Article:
For Baldassarre hated begging so much that he would perhaps have chosen to die rather than make even that silent appeal, but for one reason that made him desire to live. It was no longer a hope; it was only that possibility which clings to every idea that has taken complete possession of the mind: the sort of possibility that makes a woman watch on a headland for the ship which held something dear, though all her neighbours are certain that the ship was a wreck long years ago. After he had come out of the convent hospital,
where the monks of San Miniato had taken care of him as long as he was helpless; after he had watched in vain for the Wife who was to help him, and had begun to think that she was dead of the pestilence that seemed to fill all the space since the night he parted from her, he had been unable to conceive any way in which sacred vengeance could satisfy itself through his arm. His knife was gone, and he was too feeble in body to win another by work, too feeble in mind, even if he had had the knife, to contrive that it should serve its one purpose. He was a shattered, bewildered, lonely old man; yet he desired to live: he waited for something of which he had no distinct vision ---- something dim, formless — that startled him, and made strong pulsations within him, like that unknown thing which we look for when we start from sleep, though no voice or touch has waked us. Baldassarre desired to live; and therefore he crept out in the grey light, and seated himself in the long grass, and watched the waters that had a faint promise in them.
Meanwhile the Compagnacci were busy at their work. The formidable bands of armed men, left to do their will with very little interference from an embarrassed if not conniving Signoria, had parted into two masses, but both were soon making their way by different roads towards the Arno. The smaller mass was making for the Ponte Rubaconte, the larger for the Ponte Vecchio; but in both the same words had passed from mouth to mouth as a signal, and almost every man of the multitude knew that he was going to the Via de' Bardi to sack a house there. If he knew no other reason, could be demand a better?
The armed Compagnacci knew something more, for a brief word of command flies quickly, and the leaders of the two streams of rabble had a perfect understanding that they would meet before a certain house a little towards the eastern end of the Via de' Bardi, where the master would probably be in bed, and be surprised in his morning sleep.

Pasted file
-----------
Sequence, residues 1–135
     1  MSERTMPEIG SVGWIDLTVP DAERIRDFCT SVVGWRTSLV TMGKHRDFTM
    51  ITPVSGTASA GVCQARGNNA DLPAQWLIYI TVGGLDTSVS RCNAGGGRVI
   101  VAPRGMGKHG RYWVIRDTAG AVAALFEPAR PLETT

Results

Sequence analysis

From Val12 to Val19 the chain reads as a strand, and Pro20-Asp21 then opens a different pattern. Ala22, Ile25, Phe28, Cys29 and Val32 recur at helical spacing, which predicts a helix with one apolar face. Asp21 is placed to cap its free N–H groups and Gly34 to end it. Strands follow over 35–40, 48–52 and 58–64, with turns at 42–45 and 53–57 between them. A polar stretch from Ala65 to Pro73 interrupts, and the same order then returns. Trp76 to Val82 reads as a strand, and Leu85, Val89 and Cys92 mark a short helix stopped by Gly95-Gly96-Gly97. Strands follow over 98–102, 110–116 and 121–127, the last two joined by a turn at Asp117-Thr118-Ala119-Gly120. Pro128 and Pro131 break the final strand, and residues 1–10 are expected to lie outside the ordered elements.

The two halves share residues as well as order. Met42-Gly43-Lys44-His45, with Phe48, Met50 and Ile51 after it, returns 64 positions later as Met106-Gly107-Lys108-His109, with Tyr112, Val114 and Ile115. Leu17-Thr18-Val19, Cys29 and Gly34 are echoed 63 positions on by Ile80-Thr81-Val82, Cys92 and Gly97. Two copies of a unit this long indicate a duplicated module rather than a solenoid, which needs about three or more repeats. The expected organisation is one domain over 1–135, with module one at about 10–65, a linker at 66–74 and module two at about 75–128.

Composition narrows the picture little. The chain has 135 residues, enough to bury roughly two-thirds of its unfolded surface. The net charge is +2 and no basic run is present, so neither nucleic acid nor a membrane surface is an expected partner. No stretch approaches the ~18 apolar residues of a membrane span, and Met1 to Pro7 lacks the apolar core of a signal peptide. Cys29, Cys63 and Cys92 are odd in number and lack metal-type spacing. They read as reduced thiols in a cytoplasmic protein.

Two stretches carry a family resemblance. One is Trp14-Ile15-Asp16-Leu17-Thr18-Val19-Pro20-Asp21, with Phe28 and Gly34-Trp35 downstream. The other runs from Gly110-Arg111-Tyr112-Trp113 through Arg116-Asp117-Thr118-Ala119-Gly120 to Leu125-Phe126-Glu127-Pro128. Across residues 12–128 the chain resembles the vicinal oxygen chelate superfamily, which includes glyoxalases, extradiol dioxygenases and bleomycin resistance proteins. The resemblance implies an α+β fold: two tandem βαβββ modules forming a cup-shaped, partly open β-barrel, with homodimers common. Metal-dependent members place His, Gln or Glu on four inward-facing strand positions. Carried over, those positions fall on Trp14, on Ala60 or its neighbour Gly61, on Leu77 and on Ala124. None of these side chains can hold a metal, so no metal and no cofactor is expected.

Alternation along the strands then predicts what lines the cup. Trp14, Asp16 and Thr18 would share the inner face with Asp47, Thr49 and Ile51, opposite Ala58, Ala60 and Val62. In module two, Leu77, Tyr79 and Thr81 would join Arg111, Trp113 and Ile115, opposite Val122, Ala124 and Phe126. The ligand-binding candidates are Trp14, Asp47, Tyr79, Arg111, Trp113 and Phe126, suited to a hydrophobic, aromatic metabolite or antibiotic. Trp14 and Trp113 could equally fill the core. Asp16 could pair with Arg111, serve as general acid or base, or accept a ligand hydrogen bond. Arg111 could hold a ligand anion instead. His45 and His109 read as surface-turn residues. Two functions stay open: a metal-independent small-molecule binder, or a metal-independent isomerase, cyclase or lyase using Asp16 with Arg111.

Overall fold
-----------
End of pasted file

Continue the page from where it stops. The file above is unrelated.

But the master of that house was neither sleeping nor in bed; he had not been in bed that night. For Tito's anxiety to quit Florence had been stimulated by the events of the previous day: investigations would follow in which appeals might be made to him delaying his departure; and in all delay he had an uneasy sense that there was danger. Falsehood had prospered and waxed strong; but it had nourished the twin life, Fear. He no longer wore his armour, he was no longer afraid of Baldassarre; but from the corpse of that dead fear a spirit had risen the undying habit of fear. He felt he should not be safe till he was out of this fierce, turbid Florence; and now he was ready to go. Maso was to deliver up his house to the new tenant; his horses and mules were awaiting him in San Gallo; Tessa and the children had been lodged for the night in the Borgo outside the gate, and would be dressed in readiness to mount the mules and join him. He descended the stone steps into the court-yard, he passed through the great doorway, not the same Tito, but nearly as brilliant as on the day when he had first entered that house and made the mistake of falling in love with Romola. The mistake was remedied now: the old life was cast off, and was soon to be far behind him.
He turned with rapid steps towards the Piazza dei Mozzi, intending to pass over the Ponte Rubaconte; but as he went along certain sounds came upon his ears that made him turn round and walk yet more quickly in the opposite direction, Was the mob coming into Oltrarno? It was a vexation, for he would have preferred the more private road. He must now go by the Ponte Vecchio; and unpleasant sensations made him draw his mantle close round him, and walk at his utmost speed. There was no one to see him in that grey twilight. But, before he reached the end of the Via de' Bardi, like sounds fell on his ear again, and this time they were much louder and nearer. Could he have been deceived before? The mob must be coming over the Ponte Vecchio. Again he turned, from an impulse of fear that was stronger than reflection; but it was only to be assured that the mob was actually entering the street from the opposite end. He chose not to go back to his house: after all, they would not